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New Exhibit Promotes Peace Through Children's Art

New Exhibit Promotes  
Peace Through Children's Art

by Anita Pace

From the earliest days of the organized peace movement in the 19th century, children have been acknowledged as victims of war and as peacemakers for international goodwill. A new exhibit, "It's a Small World: Children Promoting Peace Through Art," features children's artwork from around the world that depicts scenes of war and peace and that dates from the first decades of the 20th century to the present.

An image drawn by a 12-year-old for
Art for World Friendship


The exhibit, on display in McCabe Library until Aug. 8, is presented by the Swarthmore College Peace Collection & Swarthmore College Libraries, with contributions from the Freeman Cultural Arts Complex. A reception to celebrate its opening will take place in McCabe on Tues., July 15, at 3:30 p.m.

"Ever since I opened a box of children's art for a patron over 10 years ago and found what seemed like a treasure trove of beautiful and interesting images, I've wanted to find a way to display them," says archivist Anne Yoder. "They really demonstrate the children's desire for international understanding and showcase their natural ability to be ambassadors of global goodwill."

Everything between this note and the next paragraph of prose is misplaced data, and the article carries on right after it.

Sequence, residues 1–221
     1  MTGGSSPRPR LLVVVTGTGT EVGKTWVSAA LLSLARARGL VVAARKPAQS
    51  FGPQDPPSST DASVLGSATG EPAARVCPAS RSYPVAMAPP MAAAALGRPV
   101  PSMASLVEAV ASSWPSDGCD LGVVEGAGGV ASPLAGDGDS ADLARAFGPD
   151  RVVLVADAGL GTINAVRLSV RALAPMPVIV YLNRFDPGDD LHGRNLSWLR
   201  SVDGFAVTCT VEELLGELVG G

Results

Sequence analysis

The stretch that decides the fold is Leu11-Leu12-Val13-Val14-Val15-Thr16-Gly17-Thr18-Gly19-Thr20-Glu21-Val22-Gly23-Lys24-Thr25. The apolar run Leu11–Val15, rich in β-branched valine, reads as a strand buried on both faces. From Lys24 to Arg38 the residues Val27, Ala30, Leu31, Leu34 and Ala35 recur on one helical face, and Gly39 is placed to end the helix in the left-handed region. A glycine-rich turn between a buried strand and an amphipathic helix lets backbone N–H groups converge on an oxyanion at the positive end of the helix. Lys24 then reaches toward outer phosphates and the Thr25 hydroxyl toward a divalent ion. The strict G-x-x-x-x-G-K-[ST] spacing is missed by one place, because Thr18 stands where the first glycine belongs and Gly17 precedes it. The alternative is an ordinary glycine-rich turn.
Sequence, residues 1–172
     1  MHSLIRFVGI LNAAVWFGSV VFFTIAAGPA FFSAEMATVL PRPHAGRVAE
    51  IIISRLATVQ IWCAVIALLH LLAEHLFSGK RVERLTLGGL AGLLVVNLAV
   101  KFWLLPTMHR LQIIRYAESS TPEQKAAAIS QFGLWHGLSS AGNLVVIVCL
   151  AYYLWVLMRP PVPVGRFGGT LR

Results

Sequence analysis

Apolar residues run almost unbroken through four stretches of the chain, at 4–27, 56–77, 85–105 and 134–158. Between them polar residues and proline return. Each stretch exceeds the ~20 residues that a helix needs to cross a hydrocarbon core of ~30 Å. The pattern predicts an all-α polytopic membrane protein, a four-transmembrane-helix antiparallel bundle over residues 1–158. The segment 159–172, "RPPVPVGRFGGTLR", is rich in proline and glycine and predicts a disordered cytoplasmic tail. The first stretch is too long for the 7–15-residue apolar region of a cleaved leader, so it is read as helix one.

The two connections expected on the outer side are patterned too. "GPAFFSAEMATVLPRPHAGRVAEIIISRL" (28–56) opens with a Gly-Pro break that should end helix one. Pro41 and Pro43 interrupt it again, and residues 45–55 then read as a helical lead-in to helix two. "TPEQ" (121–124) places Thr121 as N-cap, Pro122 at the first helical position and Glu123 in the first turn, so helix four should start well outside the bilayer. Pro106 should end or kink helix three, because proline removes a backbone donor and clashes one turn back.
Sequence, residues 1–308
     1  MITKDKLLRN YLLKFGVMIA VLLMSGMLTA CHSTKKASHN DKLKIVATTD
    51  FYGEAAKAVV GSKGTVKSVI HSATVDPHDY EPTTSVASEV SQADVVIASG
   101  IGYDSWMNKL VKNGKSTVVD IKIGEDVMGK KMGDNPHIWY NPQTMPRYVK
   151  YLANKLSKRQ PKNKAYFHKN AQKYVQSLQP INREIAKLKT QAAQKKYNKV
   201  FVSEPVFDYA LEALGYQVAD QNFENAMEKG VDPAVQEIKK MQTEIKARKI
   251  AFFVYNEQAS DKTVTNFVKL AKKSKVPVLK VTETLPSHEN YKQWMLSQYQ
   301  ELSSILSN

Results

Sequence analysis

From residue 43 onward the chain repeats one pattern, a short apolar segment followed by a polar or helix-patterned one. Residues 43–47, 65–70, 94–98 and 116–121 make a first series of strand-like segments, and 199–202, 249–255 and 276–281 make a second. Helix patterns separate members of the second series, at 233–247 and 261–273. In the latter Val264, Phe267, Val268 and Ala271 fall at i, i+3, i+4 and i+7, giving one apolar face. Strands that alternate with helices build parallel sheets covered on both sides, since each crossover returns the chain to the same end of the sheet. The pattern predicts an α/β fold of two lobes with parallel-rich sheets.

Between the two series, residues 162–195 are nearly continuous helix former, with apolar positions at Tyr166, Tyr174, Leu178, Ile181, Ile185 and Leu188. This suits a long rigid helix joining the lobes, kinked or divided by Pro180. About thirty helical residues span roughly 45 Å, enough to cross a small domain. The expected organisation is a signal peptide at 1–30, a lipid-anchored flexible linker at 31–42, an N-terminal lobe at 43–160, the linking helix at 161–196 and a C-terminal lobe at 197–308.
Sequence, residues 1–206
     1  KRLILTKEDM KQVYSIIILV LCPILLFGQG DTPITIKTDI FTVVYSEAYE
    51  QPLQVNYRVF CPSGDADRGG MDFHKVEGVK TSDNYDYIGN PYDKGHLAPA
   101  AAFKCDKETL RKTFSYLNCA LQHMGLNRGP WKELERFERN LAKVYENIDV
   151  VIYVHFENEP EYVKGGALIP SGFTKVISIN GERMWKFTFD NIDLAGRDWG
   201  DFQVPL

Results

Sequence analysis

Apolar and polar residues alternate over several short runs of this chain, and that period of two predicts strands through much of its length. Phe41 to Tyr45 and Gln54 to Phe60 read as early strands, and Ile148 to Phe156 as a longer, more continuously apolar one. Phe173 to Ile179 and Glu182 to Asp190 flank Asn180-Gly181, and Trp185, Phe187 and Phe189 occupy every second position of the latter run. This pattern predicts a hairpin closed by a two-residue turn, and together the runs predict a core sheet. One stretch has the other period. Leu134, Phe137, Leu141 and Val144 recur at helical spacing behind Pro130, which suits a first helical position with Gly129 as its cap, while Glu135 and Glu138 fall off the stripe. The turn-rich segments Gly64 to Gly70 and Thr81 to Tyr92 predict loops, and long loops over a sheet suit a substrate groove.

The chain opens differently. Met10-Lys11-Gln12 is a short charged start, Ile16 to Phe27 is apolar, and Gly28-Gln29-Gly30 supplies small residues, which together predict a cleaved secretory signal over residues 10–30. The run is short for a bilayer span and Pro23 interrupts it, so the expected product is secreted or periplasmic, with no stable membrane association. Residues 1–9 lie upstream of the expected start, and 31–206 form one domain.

The exhibit, co-curated by Mellon Library Fellow Daisy Larios, includes paintings and drawings created by school children from various countries in 1964-1965 for Art for World Friendship, posters from a national contest that portray a longing for peace as the United States was gearing up for entry into World War II, and a cloth panel made for a 1985 demonstration in which thousands of ribbons with peace messages were tied together and held by people who encircled the Pentagon. The Freeman Cultural Arts Complex in Chester, Pa., contributed the newest items - peace cranes made by children this month as a modern expression of hope.

"Many images show child representatives of various nations working harmoniously together, a focus of peace campaigns in the mid-20th century," Yoder says. "In cartoons, humor is used to depict children as knowing better than adults how to attain peace and end war. Other items make clear the responsibility of adults for war and the suffering of children."


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